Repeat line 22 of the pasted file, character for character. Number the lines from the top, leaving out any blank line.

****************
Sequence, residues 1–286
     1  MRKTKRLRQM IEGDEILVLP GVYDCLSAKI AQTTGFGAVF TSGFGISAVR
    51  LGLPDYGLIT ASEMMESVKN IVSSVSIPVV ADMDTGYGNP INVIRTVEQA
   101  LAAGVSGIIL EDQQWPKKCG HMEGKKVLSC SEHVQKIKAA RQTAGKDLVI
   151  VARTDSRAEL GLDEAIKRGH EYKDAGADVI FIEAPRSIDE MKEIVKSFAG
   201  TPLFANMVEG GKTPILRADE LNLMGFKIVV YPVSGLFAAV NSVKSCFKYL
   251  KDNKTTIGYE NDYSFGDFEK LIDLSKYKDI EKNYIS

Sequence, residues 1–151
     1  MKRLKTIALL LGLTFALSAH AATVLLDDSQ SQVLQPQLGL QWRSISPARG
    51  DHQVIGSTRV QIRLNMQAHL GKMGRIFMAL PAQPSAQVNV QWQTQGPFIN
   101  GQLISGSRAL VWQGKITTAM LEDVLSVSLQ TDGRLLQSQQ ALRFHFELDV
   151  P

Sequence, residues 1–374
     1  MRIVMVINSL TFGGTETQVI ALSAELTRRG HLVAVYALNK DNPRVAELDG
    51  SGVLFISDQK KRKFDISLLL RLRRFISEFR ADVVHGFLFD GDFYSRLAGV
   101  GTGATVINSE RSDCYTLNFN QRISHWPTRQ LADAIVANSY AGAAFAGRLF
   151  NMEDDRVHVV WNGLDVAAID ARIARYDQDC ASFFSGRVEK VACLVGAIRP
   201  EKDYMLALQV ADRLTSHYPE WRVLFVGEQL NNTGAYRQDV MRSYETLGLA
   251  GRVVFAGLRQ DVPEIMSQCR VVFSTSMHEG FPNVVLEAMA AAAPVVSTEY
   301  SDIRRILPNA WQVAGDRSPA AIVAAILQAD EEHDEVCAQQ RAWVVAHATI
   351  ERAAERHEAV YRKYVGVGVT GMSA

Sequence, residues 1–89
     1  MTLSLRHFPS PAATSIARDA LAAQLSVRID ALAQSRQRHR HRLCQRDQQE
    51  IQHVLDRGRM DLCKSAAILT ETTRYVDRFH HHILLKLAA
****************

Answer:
Sequence, residues 1–89